Thomas Jefferson Papers

To Thomas Jefferson from Robert Smith, 24 September 1808

Balt. Sep. 24. 1808—


Before I had received your favor of the 16h., covering the papers in the case of the demand of Governor Grand Pre, I had forwarded to you, for your instructions, papers received by me upon the same subject. It would be proper that the War & Navy Departments should pursue precisely the same course, and that no step should be taken, that would not be perfectly consistent with the principles, we have urged in our discussions with other Governments. As Genl Dearborn is now on his way to Washn I have forwarded the papers to the War-Office. We can both have, in the Course of the first week of October, your deliberate advice and be thus enabled to act consistently. I beleive we will have to restore the men and also to revoke the Commissions of the Offending Officers.

I have pleasure in assuring you that the Quids of Pennsyla. have magnanimously come to the resolution of burying the hatchet with the Democrats and of co-operating with them zealously against the Federalists in all the elections, State as well as National. This I have from the prominent leaders of the Quids. The Electoral ticket of that large State has been thus secured. It otherwise would probably have been lost—And the losing of so powerful a State, by damping the spirits of others, might have endangered the whole. Our friends in Jersey say, that the issue of their elections is altogether uncertain. And as to South Carolina, the fear is, that their peculiar State-vanity may lead them astray in favor of Pinkney. And, especially, as neither their Governor nor their Speaker is heartily with us. We, however, may reasonably indulge the hope, that effects, similar to that in Pena., may by the same cause be produced in other States. Common danger, if not a mere worthy principle, will, I trust, eventually give every where our friends the “Cor unum, via una.” If this should not be the case,— “Actum est de Republica”—and the Consequences we will feel most sorely,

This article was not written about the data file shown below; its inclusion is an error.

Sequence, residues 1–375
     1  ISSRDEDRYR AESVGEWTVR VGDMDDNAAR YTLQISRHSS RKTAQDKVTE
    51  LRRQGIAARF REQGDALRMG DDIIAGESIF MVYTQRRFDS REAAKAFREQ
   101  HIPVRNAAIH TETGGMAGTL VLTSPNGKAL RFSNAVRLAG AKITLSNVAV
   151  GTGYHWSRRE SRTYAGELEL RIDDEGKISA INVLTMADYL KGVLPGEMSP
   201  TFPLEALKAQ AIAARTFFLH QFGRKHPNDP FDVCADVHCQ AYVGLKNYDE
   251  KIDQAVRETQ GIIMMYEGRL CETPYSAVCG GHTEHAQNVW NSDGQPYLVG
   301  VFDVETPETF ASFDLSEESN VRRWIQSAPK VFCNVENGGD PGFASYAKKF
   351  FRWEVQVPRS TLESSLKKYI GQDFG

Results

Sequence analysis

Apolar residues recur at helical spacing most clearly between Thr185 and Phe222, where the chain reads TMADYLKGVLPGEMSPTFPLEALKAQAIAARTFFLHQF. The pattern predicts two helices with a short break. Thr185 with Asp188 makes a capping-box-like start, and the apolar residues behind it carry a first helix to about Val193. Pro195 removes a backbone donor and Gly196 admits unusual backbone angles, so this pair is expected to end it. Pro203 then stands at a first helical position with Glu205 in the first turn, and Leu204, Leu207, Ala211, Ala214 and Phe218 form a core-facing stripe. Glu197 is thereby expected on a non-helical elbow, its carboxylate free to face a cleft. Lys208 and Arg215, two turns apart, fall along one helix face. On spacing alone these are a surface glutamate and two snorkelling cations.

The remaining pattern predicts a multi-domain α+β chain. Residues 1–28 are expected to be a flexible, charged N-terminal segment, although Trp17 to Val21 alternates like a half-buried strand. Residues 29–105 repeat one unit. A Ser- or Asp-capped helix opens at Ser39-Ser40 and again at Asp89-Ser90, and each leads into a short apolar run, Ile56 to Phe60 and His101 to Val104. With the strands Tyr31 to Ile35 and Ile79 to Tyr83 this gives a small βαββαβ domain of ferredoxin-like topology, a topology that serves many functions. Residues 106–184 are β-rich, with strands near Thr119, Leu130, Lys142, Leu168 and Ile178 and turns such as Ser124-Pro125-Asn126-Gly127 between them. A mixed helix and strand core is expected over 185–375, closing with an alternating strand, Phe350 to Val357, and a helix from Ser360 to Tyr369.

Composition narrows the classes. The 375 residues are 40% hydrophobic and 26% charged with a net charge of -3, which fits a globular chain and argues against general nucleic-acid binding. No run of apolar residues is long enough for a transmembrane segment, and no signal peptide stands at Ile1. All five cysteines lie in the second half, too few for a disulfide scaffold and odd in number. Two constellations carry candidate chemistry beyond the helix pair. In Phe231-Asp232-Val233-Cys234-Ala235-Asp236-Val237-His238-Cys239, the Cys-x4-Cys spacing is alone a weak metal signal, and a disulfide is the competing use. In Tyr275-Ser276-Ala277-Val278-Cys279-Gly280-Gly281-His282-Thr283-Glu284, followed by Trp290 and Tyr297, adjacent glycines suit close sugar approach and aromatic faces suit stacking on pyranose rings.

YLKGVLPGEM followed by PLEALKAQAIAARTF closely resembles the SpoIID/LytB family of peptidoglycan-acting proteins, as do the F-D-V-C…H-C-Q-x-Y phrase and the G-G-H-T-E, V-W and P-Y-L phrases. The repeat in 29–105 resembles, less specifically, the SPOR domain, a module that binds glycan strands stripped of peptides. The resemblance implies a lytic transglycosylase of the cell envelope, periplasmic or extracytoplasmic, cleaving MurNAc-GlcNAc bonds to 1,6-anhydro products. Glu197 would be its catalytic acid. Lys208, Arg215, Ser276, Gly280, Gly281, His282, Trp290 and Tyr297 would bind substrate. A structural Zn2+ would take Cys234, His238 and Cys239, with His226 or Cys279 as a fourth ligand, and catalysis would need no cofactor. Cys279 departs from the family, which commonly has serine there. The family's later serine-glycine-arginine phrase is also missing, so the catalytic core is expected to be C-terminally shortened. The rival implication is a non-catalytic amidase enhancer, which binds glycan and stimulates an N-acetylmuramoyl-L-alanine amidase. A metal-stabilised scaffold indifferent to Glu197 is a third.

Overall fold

“Et nati natorum & qui nascintur ab illis”

In Maryland our friends have to encounter great difficulties, but, it is believed, the result will be Republican.

With great Affection & Esteem Your Ob. Servt.

Rt Smith

DLC: Papers of Thomas Jefferson.

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